You may live, work and play and have spent most of your life here - but do you know why Sheffield is called Sheffield?
Well, if you've ever wondered how the city gets its name, wonder no more with a quick history lesson!
The name Sheffield is actually Old English or Anglo-Saxon in origin, the earliest historical form of the English language, spoken in England and southern and eastern Scotland in the early Middle Ages.
It derives from the River Sheaf, whose name is a corruption of shed or sheth, meaning to divide or separate.
Field is a generic suffix deriving from the Old English feld, meaning a forest clearing.
It is likely then that the origin of the present-day city of Sheffield is an Anglo-Saxon settlement in a clearing beside the confluence of the rivers Sheaf and Don founded between the arrival of the Anglo-Saxons in this region (roughly the 6th century) and the early 9th century.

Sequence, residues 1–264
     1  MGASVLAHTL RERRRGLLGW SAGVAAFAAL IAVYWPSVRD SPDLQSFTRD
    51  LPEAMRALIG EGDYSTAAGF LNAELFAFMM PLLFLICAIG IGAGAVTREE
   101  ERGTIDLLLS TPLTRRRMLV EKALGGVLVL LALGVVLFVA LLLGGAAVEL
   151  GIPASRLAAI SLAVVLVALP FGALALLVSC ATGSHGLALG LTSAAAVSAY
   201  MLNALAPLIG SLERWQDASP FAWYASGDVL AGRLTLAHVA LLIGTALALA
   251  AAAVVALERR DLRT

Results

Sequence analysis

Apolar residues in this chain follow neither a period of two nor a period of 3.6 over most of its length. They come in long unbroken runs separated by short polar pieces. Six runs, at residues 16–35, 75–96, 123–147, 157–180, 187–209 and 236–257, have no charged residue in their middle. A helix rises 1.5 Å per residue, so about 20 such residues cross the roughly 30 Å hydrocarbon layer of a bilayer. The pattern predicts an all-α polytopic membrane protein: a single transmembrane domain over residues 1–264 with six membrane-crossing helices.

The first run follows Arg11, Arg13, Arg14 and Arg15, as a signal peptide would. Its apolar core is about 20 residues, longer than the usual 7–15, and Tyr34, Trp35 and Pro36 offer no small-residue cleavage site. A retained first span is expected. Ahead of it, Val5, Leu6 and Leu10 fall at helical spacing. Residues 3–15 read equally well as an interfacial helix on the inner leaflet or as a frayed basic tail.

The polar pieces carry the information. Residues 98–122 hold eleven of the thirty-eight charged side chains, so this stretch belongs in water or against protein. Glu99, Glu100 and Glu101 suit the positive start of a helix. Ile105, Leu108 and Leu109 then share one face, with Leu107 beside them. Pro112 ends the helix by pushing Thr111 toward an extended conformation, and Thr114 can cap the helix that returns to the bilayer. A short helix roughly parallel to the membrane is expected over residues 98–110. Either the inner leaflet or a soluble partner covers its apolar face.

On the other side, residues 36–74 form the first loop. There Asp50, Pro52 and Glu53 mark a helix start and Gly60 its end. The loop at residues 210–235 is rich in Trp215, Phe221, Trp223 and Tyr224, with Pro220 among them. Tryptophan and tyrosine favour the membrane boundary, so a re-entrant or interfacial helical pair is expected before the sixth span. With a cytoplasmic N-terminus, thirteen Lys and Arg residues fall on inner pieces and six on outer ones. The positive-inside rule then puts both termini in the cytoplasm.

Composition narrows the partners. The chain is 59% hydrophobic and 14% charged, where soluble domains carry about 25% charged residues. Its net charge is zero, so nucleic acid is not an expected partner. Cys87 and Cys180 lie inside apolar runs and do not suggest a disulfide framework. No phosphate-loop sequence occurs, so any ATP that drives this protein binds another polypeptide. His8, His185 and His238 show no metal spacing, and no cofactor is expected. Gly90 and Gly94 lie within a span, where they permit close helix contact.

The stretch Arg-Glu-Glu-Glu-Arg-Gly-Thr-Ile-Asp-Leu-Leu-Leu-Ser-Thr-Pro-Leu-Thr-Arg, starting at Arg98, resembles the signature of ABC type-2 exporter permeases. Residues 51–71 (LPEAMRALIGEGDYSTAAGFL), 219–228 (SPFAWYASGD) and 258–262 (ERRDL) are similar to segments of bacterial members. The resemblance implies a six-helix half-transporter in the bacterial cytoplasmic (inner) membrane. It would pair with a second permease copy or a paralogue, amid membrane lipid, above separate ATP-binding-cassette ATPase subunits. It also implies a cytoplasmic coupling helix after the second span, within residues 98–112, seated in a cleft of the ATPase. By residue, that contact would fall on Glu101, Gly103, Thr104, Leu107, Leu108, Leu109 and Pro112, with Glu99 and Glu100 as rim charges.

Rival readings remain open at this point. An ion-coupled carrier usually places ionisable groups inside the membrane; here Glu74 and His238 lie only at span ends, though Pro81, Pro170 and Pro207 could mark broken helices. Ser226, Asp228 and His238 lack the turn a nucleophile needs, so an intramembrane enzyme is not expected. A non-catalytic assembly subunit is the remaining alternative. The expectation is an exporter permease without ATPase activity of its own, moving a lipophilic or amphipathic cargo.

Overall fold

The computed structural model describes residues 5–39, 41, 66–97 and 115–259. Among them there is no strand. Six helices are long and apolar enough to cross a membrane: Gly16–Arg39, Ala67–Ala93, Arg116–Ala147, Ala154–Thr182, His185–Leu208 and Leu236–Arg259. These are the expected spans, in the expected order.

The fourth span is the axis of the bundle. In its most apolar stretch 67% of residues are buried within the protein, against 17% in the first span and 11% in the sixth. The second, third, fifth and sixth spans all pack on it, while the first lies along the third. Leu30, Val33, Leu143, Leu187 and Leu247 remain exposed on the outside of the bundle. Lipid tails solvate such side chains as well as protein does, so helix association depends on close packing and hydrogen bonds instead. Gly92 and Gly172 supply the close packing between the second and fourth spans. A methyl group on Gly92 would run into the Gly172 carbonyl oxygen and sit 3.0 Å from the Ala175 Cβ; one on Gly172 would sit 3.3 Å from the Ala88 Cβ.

The names of many of the other areas of Sheffield likely to have been established as settlements during this period end in ley, which signifies a clearing in the forest, or ton, which means an enclosed farmstead. These settlements include Heeley, Longley, Norton, Owlerton, Southey, Tinsley, Totley, Wadsley, and Walkley.
The earliest evidence of this settlement is thought to be the shaft of a stone cross dating from the early 9th century that was found in Sheffield in the early 19th century. This shaft may be part of a cross removed from the church yard of the Sheffield parish church (now Sheffield Cathedral) in 1570 - it is now kept in the British Museum.
.The Domesday Book of 1086, which was compiled following the Norman Conquest of 1066, contains the earliest known reference to the districts around Sheffield as the manor of "Hallun" (or Hallam).
The Domesday Book refers to Sheffield twice, first as Escafeld, then later as Scafeld. Sheffield historian S. O. Addy suggests that the second form, pronounced Shaffeld, is the truer form.